In Memoriam

By Mark Kennedy


2:30 a.m., ante meridiem – the 2:30 that’s too early in the morning. It’s a time when babies make their debut on the world’s stage wailing from the shock of fresh air in new lungs.

But at 2:30 a.m. on August 11th one old man, my ‘old man’, was making his final exit, gasping for each remaining breathe. At 2:30 I sat beside my 83 year old father’s bed, held his hand and waited for that slow train that comes for all of us sooner or later.

“All the world’s a stage”, says Shakespeare, “and all the men and women merely players.”

If that’s true, my father’s best performances were given on a stage made of ice.

From 1942 to 1957, he was part of the Toronto Maple Leaf hockey team. Statisticians will tell you that Ted “Teeder” Kennedy played his first Leaf game at age 17, that he was the youngest Maple Leaf captain, that he led 5 Stanley Cup winning teams, that he still holds the record for most Leaf playoff goals and that he received the Hart Trophy in 1955 as the NHL’s most valuable player. But numbers and trophies don’t tell the whole story.

His audience, the people who saw him play, talk about his unflinching courage, his unremitting hard work and his indomitable determination in the face of adversity – character traits that produced the statistics and a lot more.

Where do personal qualities like these come from?

No one is a self-made man. There are no demigods with genetic codes pre-programmed to accomplish great things solely by their own abilities. Events and circumstances enter into it, but more than any other factor, human influences shape character and inspire achievements. Parents, teachers and heroes matter.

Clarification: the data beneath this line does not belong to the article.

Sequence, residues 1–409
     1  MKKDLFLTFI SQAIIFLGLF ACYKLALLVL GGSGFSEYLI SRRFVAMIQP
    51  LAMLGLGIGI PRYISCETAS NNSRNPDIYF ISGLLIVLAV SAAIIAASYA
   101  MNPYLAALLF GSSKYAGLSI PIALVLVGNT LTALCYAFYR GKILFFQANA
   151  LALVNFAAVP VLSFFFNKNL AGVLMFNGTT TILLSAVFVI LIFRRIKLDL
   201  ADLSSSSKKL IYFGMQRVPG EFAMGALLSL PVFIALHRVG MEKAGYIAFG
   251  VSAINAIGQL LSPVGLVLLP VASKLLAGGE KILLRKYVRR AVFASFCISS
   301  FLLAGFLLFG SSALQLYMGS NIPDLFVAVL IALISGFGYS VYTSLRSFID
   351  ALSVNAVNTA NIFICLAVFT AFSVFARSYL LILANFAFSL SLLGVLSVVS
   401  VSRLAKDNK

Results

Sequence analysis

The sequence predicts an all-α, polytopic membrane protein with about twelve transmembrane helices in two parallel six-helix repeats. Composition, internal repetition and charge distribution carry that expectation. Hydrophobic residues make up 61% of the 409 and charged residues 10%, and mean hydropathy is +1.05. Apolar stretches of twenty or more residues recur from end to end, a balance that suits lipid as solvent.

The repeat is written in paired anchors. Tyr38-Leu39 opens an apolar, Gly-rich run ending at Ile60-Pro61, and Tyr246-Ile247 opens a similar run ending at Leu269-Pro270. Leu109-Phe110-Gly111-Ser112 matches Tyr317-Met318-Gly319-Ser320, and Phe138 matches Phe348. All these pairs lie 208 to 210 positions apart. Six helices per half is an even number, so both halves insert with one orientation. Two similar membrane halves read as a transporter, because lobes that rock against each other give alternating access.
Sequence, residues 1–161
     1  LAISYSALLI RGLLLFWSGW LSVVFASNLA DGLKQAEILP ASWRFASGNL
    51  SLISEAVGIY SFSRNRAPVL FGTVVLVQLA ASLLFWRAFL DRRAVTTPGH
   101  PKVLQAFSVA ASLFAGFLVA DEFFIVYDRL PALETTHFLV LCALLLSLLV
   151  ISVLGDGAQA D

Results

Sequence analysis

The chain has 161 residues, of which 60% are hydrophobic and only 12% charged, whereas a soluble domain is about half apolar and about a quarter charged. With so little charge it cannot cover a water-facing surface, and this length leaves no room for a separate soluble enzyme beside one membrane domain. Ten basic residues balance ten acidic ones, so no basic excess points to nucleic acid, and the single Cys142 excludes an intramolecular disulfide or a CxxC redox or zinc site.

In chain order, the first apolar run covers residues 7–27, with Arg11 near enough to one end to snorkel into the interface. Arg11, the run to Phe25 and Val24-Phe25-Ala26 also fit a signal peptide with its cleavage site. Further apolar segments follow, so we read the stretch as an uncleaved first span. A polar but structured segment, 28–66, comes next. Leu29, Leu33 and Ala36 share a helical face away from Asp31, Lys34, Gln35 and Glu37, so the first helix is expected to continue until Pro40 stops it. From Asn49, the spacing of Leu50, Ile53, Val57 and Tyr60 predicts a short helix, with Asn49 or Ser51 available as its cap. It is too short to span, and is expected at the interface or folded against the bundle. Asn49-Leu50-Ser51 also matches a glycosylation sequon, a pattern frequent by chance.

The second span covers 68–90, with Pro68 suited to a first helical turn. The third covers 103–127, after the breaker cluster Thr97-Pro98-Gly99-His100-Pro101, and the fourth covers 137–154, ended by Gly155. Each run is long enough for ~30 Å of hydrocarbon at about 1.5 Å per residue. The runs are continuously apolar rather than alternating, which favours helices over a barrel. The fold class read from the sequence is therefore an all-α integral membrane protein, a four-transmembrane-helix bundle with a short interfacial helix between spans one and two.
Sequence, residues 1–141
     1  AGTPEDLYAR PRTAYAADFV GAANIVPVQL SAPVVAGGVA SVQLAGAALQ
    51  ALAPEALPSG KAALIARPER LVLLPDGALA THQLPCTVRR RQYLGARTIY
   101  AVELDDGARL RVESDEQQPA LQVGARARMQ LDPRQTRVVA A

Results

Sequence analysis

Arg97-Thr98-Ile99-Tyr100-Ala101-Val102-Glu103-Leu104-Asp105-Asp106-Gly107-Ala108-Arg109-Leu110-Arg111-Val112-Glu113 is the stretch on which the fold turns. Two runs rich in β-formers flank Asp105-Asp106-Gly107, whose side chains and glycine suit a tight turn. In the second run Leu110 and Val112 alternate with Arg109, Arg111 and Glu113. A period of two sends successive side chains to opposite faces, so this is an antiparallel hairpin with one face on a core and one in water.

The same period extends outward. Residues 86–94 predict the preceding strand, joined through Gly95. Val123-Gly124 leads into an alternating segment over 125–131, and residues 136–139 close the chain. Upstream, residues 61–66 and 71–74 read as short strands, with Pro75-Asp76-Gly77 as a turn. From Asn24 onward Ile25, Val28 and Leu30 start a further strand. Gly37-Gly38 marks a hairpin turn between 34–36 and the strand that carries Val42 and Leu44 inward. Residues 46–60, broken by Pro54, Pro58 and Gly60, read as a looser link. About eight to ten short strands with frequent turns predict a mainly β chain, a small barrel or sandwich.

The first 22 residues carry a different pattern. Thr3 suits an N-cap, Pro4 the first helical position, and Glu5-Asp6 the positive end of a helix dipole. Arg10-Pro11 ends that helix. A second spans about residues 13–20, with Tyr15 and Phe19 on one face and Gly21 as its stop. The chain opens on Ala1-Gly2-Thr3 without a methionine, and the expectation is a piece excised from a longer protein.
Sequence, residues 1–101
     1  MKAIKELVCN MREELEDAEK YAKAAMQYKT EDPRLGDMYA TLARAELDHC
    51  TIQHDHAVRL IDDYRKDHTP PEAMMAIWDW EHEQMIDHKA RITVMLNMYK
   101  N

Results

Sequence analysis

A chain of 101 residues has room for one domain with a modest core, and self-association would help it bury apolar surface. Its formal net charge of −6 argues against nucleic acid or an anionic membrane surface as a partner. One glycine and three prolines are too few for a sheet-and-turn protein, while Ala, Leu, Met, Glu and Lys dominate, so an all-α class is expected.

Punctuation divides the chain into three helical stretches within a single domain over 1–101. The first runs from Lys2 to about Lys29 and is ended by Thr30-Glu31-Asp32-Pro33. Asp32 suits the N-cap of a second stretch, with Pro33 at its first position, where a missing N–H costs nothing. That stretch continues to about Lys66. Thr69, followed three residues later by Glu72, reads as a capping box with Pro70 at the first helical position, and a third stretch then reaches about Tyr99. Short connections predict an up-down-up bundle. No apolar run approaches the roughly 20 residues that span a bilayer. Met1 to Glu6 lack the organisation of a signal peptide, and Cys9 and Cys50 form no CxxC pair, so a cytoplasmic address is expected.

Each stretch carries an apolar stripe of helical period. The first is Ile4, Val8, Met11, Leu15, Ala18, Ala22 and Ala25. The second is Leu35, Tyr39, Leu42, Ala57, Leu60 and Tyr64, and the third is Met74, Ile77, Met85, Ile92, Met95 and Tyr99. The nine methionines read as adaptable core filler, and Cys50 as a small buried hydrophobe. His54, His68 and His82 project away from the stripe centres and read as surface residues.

“Who was your hero when you were growing up?” I once asked my father, expecting him to name an old time hockey player, like maybe Charlie Conacher.

“My mother.” he said, “The things she did were absolutely unbelievable.” We both sat silent for a while and I thought about that little Irish woman who immigrated to Canada almost 100 years ago. Margaret Burns was a teenager then, full of hopes and dreams for an exciting life in a new land. It was a beautiful fantasy - a song of innocence. Fifteen years later, tragedy was the theme of her song of experience.

She began her new life as a maid in what were wryly dubbed ‘summer cottages’ – American owned mansions on the north shore of Lake Erie in the town of Port Colborne, Ontario. Cooking, cleaning and mending were familiar duties for her and for so many other women of her generation and at least they provided her with a living.

At a community event she met Tom King, a worker at the local cement plant. They fell in love, married and had a son named Joseph. But while Joseph was still a toddler, tragedy struck. Tom King along with more than 20 million other people worldwide died in the flu epidemic of 1918. As a young widow with a little boy to raise she persevered through her grief. A few years later another local man came into her life. She and Gordon Kennedy married and began building a new family. Over the next five years Jessie, Jim and Gordon Jr. joined Joseph, as part of a rollicking, boisterous, happy clan of children.

But tragedy continued to stalk Margaret. At the age of one, little Gordon Jr. tried to climb a ladder, lost his balance and tumbled to his death.

Another heartbreak followed soon after. Weeks before the birth of my father, Gordon Sr. was critically wounded in a hunting accident. It took several agonizing days for him to die in hospital.